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MSNBC.com’s Experiment in Web Design

MSNBC.com has quietly launched an experiment that re-engineers how Web stories are consumed. Here’s Craig Saila, an interactive designer at MSNBC.com, describing the changes:

MSNBC2

MSNBC.com has quietly launched an experiment that re-engineers how Web stories are consumed. Here’s Craig Saila, an interactive designer at MSNBC.com, describing the changes:

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The primary goal is to showcase what msnbc.com has always done best: rich, online journalism. As a result, the design integratesinteractives, photo slide shows, and videos directly into the page. For too long, mainstream online journalism has often come from the print mentality: text, supported by some pictures.

The new msnbc.com design concept aims to thread these elementstogether into one cohesive story by featuring interactive journalism in ways not previously possible. In fact, just linking to any of the media elements allows the page to change its core layout. One view might showcase the words of Pulitzer-prize winning investigative reporter Bill Dedman, another view highlights the richly visualized Moody’s data produced by msnbc.com’s team of renegade cybergeeks.

In addition to the way the page actually changes based on how you link to it, there are a number of navigation features sprinkled throughout, the most prominent being a little navigational dashboard at the bottom that lets you browse the various media included with the story: From text to pictures to video.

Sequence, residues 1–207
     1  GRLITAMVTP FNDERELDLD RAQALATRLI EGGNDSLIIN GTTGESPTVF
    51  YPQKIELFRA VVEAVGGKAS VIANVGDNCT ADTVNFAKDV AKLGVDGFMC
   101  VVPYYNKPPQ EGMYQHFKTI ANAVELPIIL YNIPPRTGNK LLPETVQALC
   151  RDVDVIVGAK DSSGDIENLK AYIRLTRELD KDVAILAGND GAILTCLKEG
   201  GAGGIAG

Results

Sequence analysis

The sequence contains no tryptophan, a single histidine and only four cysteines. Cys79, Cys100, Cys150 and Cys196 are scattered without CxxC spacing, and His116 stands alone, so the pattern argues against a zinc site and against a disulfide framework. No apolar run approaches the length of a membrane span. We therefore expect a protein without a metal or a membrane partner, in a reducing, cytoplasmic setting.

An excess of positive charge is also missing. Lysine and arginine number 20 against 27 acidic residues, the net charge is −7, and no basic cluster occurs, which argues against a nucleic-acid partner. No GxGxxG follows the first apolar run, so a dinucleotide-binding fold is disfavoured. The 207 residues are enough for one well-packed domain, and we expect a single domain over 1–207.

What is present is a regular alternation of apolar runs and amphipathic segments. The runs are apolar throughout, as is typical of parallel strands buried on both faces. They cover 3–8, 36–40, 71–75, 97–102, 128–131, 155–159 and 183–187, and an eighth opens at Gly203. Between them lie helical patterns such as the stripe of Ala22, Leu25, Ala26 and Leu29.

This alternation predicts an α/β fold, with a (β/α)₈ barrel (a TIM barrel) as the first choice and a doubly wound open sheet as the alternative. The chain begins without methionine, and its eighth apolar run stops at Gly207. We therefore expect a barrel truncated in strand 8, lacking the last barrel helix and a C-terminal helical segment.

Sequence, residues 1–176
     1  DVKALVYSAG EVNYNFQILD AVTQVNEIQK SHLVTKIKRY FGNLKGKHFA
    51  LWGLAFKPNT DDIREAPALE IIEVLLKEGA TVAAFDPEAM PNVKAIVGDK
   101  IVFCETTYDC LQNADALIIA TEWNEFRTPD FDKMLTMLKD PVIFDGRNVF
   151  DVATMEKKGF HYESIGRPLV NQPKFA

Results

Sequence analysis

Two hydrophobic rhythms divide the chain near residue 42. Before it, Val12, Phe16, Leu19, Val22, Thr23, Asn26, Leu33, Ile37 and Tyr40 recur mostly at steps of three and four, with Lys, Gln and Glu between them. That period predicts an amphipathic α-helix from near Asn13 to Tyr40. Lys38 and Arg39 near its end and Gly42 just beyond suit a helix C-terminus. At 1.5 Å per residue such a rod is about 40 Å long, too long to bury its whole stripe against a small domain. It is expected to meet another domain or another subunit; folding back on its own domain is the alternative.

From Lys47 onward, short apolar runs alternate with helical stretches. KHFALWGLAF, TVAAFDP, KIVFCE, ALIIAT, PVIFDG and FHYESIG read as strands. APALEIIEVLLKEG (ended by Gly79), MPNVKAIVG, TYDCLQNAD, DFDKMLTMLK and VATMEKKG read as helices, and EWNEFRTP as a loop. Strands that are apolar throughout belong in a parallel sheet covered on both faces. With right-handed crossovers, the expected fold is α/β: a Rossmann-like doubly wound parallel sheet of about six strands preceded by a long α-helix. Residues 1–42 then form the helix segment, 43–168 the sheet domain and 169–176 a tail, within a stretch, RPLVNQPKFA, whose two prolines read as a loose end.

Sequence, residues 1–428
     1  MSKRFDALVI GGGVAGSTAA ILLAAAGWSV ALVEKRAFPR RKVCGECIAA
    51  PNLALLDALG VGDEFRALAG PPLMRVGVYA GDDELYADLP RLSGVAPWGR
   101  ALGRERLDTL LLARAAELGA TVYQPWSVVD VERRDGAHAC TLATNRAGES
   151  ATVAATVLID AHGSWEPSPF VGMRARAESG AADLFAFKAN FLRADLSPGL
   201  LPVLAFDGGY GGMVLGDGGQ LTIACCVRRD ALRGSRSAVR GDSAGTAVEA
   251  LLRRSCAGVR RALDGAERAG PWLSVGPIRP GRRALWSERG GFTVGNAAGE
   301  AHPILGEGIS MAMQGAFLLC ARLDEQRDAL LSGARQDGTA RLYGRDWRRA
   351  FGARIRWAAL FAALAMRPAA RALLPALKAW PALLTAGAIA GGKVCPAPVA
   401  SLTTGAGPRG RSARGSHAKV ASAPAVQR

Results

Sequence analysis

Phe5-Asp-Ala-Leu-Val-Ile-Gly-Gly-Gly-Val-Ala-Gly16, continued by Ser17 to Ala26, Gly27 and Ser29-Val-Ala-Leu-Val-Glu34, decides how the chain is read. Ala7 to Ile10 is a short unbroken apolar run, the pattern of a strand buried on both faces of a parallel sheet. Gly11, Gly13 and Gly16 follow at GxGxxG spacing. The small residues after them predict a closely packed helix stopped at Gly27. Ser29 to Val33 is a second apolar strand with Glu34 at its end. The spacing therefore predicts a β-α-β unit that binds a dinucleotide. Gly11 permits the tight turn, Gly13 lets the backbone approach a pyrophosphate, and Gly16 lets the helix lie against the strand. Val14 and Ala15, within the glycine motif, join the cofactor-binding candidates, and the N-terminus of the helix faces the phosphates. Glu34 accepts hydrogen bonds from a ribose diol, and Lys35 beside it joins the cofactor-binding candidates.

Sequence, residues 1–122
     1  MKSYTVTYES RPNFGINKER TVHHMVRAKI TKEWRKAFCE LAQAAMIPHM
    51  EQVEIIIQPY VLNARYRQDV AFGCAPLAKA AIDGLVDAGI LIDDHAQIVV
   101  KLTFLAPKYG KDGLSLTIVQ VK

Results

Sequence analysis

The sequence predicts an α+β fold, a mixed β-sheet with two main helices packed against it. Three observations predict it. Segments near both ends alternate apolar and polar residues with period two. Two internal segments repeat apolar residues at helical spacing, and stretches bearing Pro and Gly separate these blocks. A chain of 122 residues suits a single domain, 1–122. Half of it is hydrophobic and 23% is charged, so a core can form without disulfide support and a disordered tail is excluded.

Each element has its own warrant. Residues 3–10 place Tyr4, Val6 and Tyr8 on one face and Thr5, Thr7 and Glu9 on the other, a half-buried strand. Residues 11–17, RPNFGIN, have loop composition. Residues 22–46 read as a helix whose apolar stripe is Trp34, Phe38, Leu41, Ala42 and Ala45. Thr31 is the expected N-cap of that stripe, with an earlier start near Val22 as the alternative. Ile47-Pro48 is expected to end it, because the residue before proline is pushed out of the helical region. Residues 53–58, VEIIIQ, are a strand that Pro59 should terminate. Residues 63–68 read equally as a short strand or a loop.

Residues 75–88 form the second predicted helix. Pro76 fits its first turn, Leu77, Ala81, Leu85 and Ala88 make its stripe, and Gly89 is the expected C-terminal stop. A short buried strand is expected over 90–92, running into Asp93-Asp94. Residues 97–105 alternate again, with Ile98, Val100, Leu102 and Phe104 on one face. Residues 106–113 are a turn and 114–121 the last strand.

MSNBC

It’s a pretty disorienting experience at first. But we’re bound to see more and more experiments like these, as designers start unlocking what Ajax can do. And the strategy is certainly spot on: Nielsen has moved away from page views as an attention metric, in favor of time spent on a page. MSNBC.com is trying to make richer content easier to find and harder to ignore. The site plans on tweaking the system, and then rolling it out in larger sections. Does it work? Is it too complicated? Will the complexity drive away viewers? In a time when there’s an increasing push for more simplicity and less functionality on websites, is this a matter of giving people too much, too soon? How would you tackle the problem?

[Via Fimoculous]

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About the author

Cliff was director of product innovation at Fast Company, founding editor of Co.Design, and former design editor at both Fast Company and Wired.

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